*This is the last column I’ll write in my fifties. Come Saturday, I turn sixty. Surreal for me to read in print, not to mention saying it. But on October 24, it’s goin’ down. I’m sixty.
Usually, whenever I am on the cusp of a birthday, I begin telling people I’m that age months before the day arrives. You know, to get used to the idea. But I won’t do that to my fifties; the decade’s been too good to me to not give it every second of respect it deserves.
Fifty taught me that a number I once considered ancient—-fifty-—is anything but. To co-sign a cloying cliché, my fifties did feel like my thirties. They were filled with a sense of discovery, spirit, wonder and the ever hovering vainglorious notion that, yes, I was in my fifties, but I’ll be damned if I was old.
The decade taught me, once and for all, the answer to that long-lived rhetorical question friends my age ask at dinner parties or when we run into one another at the mall or in a supermarket parking lot and they re-introduce me to a kid I once held in my arms who is now in their late 20s with a mustache or a serious bosom–Where did it all go?
I’ll tell you where it went. To have shelter, we pay rent, a mortgage and/or property taxes. To eat, you pay for food.
The cost of being alive has its levy as well. That price is time. Want to live for a day? That’ll cost you 24 hours. A month? Shell over thirty days or so, my friend. Want to live for a year? Put your 365 days down.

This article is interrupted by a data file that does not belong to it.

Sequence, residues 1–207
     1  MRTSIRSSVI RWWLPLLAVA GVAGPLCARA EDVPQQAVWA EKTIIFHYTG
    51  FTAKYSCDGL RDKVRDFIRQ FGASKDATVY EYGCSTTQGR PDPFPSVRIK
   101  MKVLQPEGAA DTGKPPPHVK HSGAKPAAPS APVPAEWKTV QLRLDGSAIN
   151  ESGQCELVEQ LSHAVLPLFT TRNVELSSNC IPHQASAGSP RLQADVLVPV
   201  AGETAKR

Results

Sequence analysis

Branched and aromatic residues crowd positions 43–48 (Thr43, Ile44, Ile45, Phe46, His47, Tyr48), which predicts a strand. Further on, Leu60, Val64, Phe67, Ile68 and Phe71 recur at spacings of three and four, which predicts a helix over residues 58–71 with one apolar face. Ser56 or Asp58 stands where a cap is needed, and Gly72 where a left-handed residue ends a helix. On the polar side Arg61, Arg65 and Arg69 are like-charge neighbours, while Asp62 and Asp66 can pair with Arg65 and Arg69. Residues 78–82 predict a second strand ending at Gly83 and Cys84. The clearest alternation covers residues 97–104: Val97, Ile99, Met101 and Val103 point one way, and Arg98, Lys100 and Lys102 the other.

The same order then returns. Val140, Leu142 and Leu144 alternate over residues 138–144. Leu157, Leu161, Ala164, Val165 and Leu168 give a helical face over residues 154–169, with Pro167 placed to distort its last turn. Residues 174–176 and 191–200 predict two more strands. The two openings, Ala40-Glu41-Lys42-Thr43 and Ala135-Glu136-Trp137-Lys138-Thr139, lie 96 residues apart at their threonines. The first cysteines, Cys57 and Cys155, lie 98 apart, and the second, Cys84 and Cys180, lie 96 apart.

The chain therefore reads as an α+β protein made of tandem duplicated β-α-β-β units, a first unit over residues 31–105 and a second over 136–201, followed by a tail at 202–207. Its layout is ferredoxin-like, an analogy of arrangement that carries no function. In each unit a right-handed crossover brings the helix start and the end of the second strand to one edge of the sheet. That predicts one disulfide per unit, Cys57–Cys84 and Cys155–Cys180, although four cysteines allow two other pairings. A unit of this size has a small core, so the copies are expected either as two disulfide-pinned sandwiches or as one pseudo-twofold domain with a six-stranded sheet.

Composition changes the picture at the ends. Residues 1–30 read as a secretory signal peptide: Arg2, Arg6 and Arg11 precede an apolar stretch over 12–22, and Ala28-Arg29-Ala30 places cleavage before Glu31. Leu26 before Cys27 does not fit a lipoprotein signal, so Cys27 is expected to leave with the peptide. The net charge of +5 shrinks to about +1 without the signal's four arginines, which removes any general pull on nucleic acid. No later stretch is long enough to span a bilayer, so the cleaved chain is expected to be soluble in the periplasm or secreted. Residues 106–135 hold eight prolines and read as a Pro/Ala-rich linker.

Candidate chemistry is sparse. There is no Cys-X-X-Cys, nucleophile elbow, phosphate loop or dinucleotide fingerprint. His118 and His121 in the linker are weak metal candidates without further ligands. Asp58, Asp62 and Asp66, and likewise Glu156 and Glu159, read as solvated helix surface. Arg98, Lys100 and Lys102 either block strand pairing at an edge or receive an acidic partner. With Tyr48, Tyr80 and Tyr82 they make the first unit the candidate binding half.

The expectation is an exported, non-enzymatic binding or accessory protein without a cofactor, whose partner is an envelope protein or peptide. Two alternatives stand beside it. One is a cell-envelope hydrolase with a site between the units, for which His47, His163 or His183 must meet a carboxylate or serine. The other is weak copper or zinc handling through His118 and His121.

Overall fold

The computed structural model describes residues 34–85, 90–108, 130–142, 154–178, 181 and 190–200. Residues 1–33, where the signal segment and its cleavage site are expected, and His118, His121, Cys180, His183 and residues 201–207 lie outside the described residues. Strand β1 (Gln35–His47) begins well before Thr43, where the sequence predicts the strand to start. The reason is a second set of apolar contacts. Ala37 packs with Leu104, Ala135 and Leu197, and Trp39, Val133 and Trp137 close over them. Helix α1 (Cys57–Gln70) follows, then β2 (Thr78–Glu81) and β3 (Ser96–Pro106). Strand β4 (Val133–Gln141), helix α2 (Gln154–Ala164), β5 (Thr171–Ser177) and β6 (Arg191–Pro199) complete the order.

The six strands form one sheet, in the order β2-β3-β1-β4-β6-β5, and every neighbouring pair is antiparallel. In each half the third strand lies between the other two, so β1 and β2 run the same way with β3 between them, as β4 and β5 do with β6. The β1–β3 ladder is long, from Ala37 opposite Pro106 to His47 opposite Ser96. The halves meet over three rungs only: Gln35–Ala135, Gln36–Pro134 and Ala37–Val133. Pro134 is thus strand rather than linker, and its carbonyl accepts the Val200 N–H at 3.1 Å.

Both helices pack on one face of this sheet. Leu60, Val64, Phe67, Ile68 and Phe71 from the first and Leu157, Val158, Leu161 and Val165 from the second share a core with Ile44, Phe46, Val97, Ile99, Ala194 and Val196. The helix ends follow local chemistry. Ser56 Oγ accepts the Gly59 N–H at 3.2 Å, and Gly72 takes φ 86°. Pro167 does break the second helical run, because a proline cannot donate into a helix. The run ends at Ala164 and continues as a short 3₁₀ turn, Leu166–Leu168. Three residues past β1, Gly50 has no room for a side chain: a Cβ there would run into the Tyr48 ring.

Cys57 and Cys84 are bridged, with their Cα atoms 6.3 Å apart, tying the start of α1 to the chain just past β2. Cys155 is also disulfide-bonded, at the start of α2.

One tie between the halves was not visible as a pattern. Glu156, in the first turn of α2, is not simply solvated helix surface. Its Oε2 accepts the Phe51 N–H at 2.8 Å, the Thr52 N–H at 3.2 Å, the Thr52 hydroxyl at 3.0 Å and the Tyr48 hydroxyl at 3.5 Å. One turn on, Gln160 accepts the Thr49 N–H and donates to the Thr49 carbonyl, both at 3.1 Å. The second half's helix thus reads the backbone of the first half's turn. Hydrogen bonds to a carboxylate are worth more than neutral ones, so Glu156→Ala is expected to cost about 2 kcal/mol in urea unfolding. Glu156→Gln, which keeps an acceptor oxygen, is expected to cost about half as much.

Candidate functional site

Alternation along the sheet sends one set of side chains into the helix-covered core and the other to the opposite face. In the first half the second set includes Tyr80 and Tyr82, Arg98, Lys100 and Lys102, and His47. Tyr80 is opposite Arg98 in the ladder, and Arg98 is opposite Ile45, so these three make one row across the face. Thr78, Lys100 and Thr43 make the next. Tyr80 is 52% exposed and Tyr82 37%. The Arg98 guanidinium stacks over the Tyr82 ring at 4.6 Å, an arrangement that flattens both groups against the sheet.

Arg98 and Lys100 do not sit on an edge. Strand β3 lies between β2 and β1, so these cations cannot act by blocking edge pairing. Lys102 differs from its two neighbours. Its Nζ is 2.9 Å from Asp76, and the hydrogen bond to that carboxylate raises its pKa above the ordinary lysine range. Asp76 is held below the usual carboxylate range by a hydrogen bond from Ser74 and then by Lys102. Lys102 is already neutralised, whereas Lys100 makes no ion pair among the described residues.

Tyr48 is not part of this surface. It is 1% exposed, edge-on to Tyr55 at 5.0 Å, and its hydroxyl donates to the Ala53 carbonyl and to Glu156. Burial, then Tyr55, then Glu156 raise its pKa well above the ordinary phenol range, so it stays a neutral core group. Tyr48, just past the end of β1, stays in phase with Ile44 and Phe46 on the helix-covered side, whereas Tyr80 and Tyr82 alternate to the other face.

Thing is, if you don’t like a product or it doesn’t work as advertised, you can be refunded your money.
Living, on the other hand, is about time that, once lived, is gone forever. That’s fine if it was spent learning something you needed to know.
But time squandered kicking the same can down the same road—-or a different road but the same can; or a different can, different road, but a waste, regardless—-that’s time you’ll never get back.
It is with this in mind that I stride into my sixties, feeling great both emotionally and physically, and more ambitious than ever. At sixty, I am a super grown man with a child’s heart. Still.
Truth be known, the problem with, shall we say, growing up (and up and up) is that at your core, you’re generally the same person you’ve always been. You just look different.
For example: to celebrate my birthday a couple years ago, a buddy invited me to take in an afternoon movie. After the film, while walking out of the theater, one of us started teasing the other about something I don’t even remember now (“senior moments”—-a hallmark of “older”). The verbal teasing gave way to some physical joshing about, the way sportive boys do in high school hallways.
At the height of this foolishness, in a cove before reaching the theater lobby, I turned to see a lone boy, ten years old or so, gaping at us, frozen in astonished bewilderment. His perplexed expression suggested he’d never seen two old men behaving like rowdy kids during playground recess. Without the support of canes, walkers or a nurse, no less. He had no way of knowing that if you have a passion for life—-and a penchant for acting a fool occasionally-—you never lose it, even if how you look physically indicates otherwise.
I am going to continue reaching for the stars. Stay curious and remain grateful. But I won’t be wasting time—-mine, nor, if I can help it, anyone else’s. Too expensive. Get ready sixties. Here I come.
Steven Ivory, veteran journalist, essayist and author, writes about popular culture for magazines, newspapers, radio, TV and the Internet. Respond to him via [email protected]